(The author is a Reuters Breakingviews columnist. The opinions expressed are his own.)
By Neil Unmack
LONDON, March 28 (Reuters Breakingviews) - European officials are hurriedly denying that the Cypriot bail-in is a “template”. Markets know otherwise. The good bank/bad bank model adopted in Cyprus shows how banks can be recapitalised without government funds whilst protecting insured depositors – thanks to senior bondholders and uninsured depositors taking losses. It’s the right model for the future. For now, it worsens life for Europe’s weak banks.
Credit spreads jumped on Cyprus’ first bailout proposal even though it spared senior bondholders. They rose further after senior debt was bailed in as part of the revised bailout proposal, which the head of the Eurogroup of finance ministers commended as the way to tackle bank failures. Investors cannot afford to believe the swift retraction of that comment. Indeed, the back-peddling has not brought spreads down.
Hopes for direct recapitalisation of banks by the European Stability Mechanism bailout fund are history. Investors naturally worry that senior debt could end up recovering very little after default, possibly nothing, particularly if banks now fund themselves more heavily through non-bail-inable debt, such as insured deposits and central-bank funds.
Bank credit spreads may not have much further to go. Fitch Ratings reckons the historic five-year average bank-failure rate is just over 7 percent. A credit default swap spread of just over 140 basis points should therefore compensate for the credit risk, assuming zero recovery. The Markit iTraxx index puts the cost of insuring senor-ranking financial debt at about 200 basis points over five years – comfortably pricing in the risks for the providers of credit protection, at least for the strongest banks.
Bail-in was always a question of when, not if. The end result should be safer, smaller banks, stronger governments and fewer taxpayer-funded bailouts. But in the short term, it will exacerbate euro zone tensions. Weaker banks, particularly those in southern Europe, face higher funding costs and greater pressure to shrink, hurting the economy. A new sovereign-bank doom loop could emerge. Corporate depositors in peripheral economies know they risk bail-in if their government seeks a bailout and is forced, like Cyprus, to haircut them. They may panic when sovereign yields rise, causing runs – and bailouts.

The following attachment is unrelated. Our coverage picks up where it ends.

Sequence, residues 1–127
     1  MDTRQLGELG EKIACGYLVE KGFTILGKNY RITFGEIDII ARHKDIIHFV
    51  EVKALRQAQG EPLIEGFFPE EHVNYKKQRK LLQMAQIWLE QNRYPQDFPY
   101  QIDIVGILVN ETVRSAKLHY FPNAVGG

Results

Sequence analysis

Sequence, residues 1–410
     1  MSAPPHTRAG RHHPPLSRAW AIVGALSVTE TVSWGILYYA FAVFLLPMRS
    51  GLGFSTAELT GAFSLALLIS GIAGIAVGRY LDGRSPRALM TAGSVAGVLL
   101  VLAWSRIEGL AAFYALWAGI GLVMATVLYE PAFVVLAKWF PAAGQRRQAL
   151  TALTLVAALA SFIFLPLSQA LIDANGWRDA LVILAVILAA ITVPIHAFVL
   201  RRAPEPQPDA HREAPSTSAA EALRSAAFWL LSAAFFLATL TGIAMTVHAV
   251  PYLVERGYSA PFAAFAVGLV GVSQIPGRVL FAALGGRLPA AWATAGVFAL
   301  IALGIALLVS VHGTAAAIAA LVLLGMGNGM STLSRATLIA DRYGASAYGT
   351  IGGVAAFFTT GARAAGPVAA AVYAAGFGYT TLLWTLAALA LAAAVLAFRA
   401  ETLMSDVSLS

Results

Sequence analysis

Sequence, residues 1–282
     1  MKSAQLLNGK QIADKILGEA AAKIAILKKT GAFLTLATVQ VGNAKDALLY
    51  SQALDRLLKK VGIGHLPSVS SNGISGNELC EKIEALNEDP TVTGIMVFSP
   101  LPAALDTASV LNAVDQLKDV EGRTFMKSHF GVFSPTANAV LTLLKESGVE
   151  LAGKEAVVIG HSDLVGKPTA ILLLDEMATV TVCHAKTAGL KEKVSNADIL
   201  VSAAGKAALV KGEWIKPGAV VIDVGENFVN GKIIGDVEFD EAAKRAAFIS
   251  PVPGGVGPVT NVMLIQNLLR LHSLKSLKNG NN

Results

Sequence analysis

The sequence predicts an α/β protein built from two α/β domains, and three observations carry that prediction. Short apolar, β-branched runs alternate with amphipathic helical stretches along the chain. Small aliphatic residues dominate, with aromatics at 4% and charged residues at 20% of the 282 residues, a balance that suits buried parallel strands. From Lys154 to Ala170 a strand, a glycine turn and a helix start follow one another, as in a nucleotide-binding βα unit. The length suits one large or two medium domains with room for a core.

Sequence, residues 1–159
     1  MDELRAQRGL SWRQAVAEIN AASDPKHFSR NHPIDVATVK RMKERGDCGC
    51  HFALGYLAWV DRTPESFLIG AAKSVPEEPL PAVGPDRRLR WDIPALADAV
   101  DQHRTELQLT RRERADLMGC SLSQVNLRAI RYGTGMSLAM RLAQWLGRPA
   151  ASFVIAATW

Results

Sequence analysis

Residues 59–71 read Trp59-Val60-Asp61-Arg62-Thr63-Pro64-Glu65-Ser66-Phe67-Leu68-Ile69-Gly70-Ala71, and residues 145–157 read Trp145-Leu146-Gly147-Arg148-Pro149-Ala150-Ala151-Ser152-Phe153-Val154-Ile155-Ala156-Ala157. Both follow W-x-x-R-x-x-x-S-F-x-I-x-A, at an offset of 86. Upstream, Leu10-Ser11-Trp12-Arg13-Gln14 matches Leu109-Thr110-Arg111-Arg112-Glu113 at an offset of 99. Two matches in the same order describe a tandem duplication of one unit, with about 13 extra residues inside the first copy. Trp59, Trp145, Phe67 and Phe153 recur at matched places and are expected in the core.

For the euro zone to hang together, extra support - be it cheap liquidity, or bond buying or bailouts - is inevitable. The European Central Bank is going to have to work harder.
- The Markit iTraxx index of credit default swaps tied to senior financial institutions’ debt reached 200 basis points on March 27, up from 143 basis points on March 15, before the Cypriot bailout and the highest level since October last year. The index largely comprises swaps ties to bank debt. A rise in credit-default swaps signals an increase in perceived riskiness.
- Jeroen Dijsselbloem, head of the Eurogroup of finance ministers, said in a March 25 interview with Reuters that the resolution of Cypriot banks would be a template for restructuring euro zone banks. The terms of the bailout require uninsured depositors and unsecured bondholders of Laiki CPBC.CY to take a haircut, or so-called bail-in. He later rowed back from the comment.
- “If there is a risk in a bank, our first question should be ‘Okay, what are you in the bank going to do about that? What can you do to recapitalise yourself?” Dijsselbloem said in an interview with Reuters. “If the bank can’t do it, then we’ll talk to the shareholders and the bondholders, we’ll ask them to contribute in recapitalising the bank, and if necessary the uninsured deposit holders”, he said.
- Reuters: Cyprus reopens banks under tight restrictions [ID:nL5N0CK115]
- For previous columns by the author, Reuters customers can click on [UNMACK/]
(Editing by Chris Hughes and Sarah Bailey)
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